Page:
his is a really good example to start to learn about hyperparameter tuning where you could see how two clusters, three clusters, five clusters, a hundred clusters, fundamentally changes the output of the model and determining which is the best number of clusters starts to fall into model fit for the problem, which is a little beyond the scope of this class. But, your end result will look something like this.
Although it's a multi-axis problem, in this example, we've simplified it to just be two axes, but here you could see the machine clearly making three clusters for our target markets. You can see some of the dots that kind of float between them in the middle of the page. This can make it hard for a human to determine, but the machine learning algorithms have a programmatic way of assigning points to a certain cluster.
Very importantly too, although we're only showing a two-dimensional problem, clustering algorithms can handle multidimensional problems going into the dozens or hundreds, depending how powerful your machine dimensions.
Simply put, you're not limited by our ability to see it, but rather the computational power of your machine. So here we could see through giving it a hyperparameter of three, it created three clusters, one of which we dubbed young adults. Basically, we found a group of listeners that listen to more than 20 hours per week are single and are between the ages of 18 to 24.
Additionally, we found another strong cluster of young families. These people typically have an age of 25 to 34, listen to less than 10 hours per week, and have one to two children. Finally, we found a third group out in the age 55 to 64.
Basically, this group is married. They listen 10 to 20 hours per week. And frankly, in the marketing space, this is sometimes called empty nesters because their child usually went away to college or started their first job and they have more hours to listen to music now.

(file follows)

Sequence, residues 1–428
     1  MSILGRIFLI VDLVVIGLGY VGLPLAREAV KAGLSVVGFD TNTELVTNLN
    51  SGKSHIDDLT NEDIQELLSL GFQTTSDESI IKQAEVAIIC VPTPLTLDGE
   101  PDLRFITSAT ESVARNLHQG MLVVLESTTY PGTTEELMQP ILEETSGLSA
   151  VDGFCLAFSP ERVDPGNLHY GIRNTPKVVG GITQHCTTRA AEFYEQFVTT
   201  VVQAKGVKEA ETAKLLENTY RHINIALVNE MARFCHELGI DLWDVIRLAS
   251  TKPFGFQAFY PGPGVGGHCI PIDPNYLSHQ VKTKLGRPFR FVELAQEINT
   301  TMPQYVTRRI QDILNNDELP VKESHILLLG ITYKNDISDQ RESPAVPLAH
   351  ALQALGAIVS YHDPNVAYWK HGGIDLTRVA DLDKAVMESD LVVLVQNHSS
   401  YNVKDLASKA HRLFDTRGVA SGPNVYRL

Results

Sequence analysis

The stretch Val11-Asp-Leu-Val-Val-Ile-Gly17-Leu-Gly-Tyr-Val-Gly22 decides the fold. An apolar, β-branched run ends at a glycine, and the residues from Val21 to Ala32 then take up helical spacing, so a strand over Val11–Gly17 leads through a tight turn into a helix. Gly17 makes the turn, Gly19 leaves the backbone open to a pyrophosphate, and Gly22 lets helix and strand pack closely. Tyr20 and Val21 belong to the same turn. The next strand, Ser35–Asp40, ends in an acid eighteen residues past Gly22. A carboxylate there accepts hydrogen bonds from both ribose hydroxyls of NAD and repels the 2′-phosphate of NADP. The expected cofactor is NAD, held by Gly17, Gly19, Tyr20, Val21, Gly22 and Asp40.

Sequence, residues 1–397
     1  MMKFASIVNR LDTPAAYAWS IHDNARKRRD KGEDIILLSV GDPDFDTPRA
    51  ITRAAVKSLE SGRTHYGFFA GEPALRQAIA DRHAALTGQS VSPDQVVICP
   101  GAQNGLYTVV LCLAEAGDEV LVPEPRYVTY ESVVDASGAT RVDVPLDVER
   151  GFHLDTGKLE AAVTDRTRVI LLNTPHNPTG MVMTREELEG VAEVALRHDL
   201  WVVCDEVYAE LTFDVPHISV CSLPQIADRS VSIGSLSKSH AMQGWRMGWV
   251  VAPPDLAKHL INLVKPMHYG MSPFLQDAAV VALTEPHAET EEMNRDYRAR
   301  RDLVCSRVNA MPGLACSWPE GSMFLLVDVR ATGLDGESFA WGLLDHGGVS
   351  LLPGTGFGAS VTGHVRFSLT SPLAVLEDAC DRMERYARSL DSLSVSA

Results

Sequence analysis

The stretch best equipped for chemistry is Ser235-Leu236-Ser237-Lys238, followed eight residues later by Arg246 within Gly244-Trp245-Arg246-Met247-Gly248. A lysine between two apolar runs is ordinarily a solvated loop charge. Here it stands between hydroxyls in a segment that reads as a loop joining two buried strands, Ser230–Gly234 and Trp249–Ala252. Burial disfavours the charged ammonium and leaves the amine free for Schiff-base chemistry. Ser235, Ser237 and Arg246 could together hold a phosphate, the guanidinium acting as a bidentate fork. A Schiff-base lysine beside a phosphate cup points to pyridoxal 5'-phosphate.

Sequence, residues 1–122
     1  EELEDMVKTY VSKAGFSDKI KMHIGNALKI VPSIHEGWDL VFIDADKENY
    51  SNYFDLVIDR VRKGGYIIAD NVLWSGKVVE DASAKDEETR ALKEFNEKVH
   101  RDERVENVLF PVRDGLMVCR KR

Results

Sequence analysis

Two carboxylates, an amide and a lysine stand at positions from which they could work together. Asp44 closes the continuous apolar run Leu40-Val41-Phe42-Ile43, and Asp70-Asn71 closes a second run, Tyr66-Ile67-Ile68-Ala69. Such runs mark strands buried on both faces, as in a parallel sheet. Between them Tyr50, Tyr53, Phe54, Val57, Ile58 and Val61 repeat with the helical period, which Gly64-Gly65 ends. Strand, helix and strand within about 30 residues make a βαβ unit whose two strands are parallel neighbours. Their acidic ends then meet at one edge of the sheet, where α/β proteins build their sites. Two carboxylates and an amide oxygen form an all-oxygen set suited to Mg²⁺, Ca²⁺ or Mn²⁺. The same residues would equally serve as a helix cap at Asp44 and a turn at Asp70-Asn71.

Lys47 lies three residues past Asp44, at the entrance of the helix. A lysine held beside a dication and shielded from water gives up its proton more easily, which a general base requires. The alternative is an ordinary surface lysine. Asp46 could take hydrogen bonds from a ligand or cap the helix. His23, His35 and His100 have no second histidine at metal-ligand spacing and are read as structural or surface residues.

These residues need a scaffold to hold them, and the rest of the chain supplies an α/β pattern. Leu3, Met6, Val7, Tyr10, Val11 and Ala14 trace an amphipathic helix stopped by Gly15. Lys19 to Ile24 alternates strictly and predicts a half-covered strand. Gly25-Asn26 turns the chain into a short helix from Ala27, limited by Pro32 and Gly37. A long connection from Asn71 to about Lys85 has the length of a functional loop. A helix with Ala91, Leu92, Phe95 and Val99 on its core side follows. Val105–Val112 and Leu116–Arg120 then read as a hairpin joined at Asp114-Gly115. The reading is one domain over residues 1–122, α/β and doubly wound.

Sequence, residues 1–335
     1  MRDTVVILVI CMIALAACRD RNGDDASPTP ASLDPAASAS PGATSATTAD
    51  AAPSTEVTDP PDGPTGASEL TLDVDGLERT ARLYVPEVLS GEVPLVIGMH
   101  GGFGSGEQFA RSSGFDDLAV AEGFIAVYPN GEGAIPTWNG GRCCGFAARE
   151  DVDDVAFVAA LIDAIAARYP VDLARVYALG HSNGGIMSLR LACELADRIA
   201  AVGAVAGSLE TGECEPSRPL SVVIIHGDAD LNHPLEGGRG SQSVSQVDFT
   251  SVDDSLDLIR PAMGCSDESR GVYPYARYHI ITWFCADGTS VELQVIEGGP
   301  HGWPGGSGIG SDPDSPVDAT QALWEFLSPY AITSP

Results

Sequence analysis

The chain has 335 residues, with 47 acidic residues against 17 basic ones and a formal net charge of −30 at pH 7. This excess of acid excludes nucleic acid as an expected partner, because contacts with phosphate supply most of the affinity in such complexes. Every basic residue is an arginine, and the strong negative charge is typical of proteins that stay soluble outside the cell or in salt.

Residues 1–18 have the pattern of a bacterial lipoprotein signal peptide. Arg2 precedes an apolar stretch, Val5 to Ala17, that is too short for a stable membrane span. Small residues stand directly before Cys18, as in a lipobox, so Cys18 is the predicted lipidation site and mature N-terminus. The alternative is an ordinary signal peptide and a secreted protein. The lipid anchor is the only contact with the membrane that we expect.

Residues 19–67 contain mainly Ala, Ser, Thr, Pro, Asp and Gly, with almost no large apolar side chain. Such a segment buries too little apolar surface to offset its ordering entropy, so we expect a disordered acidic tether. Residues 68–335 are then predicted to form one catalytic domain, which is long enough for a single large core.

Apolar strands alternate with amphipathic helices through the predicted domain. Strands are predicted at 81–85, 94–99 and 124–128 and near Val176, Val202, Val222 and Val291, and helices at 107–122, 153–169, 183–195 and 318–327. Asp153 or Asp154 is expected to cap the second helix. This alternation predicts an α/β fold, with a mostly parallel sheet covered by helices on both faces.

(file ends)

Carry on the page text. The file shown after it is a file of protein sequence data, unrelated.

So this is how you could see three categories being made. Now, you might think that if we set hyperparameter to five, we might get more detailed results, which might be true in this case, maybe there's a group of families that have teenage children, or maybe through setting the hyperparameter too high, we start to split apart a group that has a lot in common.
This is where experience and more advanced systems come into play and also the iterative process. Based on this, we're then able to go out test our marketing campaigns, change our hyperparameters and try again.
So hopefully, this has shown you how an unsupervised learning problem might begin to take effect in the real world. So to wrap it all together, there's a lot of different machine learning archetypes. Hopefully, the flow charts we've shown you along with some of the examples really help you understand at least where to start your research into building your machine learning framework.
Amazon SageMaker has a lot of good options, but don't forget to check out Google and Azure's offering as well. Anyway, thank you for attending the class. Please send feedback to the email address below and feel free to rate it as well. Feedback is really important for us to help guide the future of content. A lot of the case studies and examples are actually requests for feedback where we try to tailor the classes more to what the listener actually wants to see.
Calculated Systems was founded by experts in Hadoop, Google Cloud and AWS. Calculated Systems enables code-free capture, mapping and transformation of data in the cloud based on Apache NiFi, an open source project originally developed within the NSA. Calculated Systems accelerates time to market for new innovations while maintaining data integrity. With cloud automation tools, deep industry expertise, and experience productionalizing workloads development cycles are cut down to a fraction of their normal time. The ability to quickly develop large scale data ingestion and processing decreases the risk companies face in long development cycles. Calculated Systems is one of the industry leaders in Big Data transformation and education of these complex technologies.